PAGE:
The Smart Factory at Wichita (TSF@W) provides a risk-free environment for companies to explore the art of the possible and gain insight into the latest technologies through an immersive, hands-on experience.
Digital Transformation and the Smart Factory
Q&A with Jason Bergstrom | Deloitte
Please explain how Deloitte and Wichita State University (WSU) are helping companies accelerate their digital transformations with their immersive smart factory experiences.
Many manufacturers have struggled to adopt new digital technologies and solutions in recent years. Part of the challenge is that most manufacturers don’t have an appreciation for what’s possible, and as a result default to doing things the same way they have for years. The Smart Factory at Wichita (TSF@W) provides a risk-free environment for companies to explore the art of the possible and gain insight into the latest technologies through an immersive, hands-on experience. Accelerating a company’s digital transformation agenda is much easier once they have a strong working knowledge of what’s possible and our partnership with WSU and our Ecosystem of sponsors bring that experience to life in a fun and controlled environment.
What is your vision for manufacturing over the next 5+ years?
Manufacturing and technology have started to collide at an exponential rate. Five years ago, it was a ‘nice to have’ to have digitized part of your operations and supply chain. Today, accelerated by ever-increasing customer demands and external pressures such as the COVID-19 global pandemic, manufacturers need to rapidly adopt a digital mindset to survive and compete. I expect to see a rapid rise in digital adoption in the next five years as organizations automate and enhance their operations. I anticipate that companies will dramatically increase productivity and efficiency throughout their manufacturing footprint and empower operators to make more informed, real-time decisions.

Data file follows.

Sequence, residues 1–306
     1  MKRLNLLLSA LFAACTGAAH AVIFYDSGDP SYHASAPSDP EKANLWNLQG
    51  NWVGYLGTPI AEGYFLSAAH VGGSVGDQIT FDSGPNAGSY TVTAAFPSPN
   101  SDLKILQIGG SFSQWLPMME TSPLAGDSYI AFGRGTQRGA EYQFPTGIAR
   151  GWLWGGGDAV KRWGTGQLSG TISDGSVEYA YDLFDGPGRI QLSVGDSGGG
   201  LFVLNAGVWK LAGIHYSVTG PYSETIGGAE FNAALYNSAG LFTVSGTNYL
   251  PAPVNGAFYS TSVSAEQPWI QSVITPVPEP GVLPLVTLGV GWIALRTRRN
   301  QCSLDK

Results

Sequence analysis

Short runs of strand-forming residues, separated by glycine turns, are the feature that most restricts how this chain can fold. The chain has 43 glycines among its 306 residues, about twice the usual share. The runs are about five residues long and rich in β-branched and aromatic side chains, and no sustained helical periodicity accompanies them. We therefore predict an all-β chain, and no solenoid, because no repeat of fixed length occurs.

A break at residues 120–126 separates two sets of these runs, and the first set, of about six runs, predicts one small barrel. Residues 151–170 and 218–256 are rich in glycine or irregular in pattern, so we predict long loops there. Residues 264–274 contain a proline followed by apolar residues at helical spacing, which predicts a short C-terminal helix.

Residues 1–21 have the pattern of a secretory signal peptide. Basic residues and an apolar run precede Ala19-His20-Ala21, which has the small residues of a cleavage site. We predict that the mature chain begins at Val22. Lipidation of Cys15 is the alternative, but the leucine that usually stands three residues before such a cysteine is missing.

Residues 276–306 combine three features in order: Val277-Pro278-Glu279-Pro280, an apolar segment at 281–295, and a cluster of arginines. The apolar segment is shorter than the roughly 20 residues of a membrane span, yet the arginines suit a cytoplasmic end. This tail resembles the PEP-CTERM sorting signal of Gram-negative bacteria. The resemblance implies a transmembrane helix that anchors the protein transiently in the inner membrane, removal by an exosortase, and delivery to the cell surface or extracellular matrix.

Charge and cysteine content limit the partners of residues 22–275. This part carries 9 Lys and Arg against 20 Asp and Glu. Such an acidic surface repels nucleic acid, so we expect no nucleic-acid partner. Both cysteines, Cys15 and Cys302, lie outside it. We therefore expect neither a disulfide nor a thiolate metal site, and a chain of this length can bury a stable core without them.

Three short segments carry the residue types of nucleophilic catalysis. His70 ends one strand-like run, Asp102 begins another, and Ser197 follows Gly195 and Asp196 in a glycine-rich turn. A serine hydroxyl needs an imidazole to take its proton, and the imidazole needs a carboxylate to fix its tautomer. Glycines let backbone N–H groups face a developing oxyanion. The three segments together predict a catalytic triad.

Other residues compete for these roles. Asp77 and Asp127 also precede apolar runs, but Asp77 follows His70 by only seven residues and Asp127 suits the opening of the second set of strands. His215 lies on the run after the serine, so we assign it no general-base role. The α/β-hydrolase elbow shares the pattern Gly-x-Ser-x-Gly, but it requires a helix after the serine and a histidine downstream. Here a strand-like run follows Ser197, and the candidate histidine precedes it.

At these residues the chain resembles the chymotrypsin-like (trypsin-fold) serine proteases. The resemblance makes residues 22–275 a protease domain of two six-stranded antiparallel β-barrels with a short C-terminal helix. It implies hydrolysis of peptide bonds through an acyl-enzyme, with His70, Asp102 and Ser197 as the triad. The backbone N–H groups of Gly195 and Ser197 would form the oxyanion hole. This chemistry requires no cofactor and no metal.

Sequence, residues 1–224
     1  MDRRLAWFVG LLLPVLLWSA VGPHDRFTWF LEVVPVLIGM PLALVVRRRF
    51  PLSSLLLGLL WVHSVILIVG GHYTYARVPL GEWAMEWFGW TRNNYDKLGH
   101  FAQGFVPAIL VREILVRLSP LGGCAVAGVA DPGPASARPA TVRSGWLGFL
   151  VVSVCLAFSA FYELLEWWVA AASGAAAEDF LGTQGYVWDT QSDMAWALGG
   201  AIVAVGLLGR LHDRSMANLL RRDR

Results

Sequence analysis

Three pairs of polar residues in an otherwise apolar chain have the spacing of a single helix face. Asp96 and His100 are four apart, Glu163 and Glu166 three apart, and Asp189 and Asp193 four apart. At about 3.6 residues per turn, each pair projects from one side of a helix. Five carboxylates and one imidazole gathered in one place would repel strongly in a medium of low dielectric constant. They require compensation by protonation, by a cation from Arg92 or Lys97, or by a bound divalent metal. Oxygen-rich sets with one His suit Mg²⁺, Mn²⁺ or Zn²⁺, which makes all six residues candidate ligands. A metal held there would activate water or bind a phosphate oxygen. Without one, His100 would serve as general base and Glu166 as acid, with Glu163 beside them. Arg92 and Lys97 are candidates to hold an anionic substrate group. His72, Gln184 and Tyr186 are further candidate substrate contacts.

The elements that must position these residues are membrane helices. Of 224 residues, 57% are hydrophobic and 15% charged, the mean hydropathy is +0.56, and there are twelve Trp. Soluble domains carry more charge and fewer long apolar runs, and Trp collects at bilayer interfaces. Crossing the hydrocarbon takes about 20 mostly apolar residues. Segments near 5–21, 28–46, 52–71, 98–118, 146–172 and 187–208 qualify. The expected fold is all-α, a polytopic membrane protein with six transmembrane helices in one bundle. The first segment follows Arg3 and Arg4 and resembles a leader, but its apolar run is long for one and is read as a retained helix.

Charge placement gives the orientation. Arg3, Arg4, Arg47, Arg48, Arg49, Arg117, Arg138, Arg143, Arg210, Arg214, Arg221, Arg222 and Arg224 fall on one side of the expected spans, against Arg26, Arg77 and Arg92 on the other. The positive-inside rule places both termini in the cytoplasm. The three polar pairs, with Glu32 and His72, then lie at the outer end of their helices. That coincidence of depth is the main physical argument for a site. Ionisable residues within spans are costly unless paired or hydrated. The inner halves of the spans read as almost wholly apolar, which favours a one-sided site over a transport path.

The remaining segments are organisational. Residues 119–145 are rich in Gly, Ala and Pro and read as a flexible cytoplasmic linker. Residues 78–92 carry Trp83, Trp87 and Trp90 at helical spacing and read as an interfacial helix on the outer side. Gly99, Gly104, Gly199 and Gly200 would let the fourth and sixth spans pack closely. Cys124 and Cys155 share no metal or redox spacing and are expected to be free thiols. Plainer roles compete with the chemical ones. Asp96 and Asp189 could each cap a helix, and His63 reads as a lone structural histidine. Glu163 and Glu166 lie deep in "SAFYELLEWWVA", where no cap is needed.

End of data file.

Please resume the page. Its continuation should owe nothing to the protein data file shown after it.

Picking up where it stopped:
What are the biggest obstacles a manufacturer faces implementing smart factory technologies?
Many manufacturers have the natural tendency to focus too much attention on the technology associated with a Smart Factory implementation. As it turns out, the much more difficult part of successfully delivering against a Smart Factory ambition is the fundamental shifts that are required to how work gets done and who does the work. Shifting ways of working through streamlined and improved processes and training manufacturing employees on new responsibilities, techniques and solutions are the most difficult hurdles to delivering the value and outcomes that organizations desire. As technology continues to evolve at an alarming rate, manufacturers have access to solutions that were mere impossibilities in the past. Ensuring that you get the most from new technologies requires a keen eye on the broader process and workforce transformation that will make all the difference in delivering sustainable results.
Why is it so important that manufacturers embrace technology and make the digital transformation?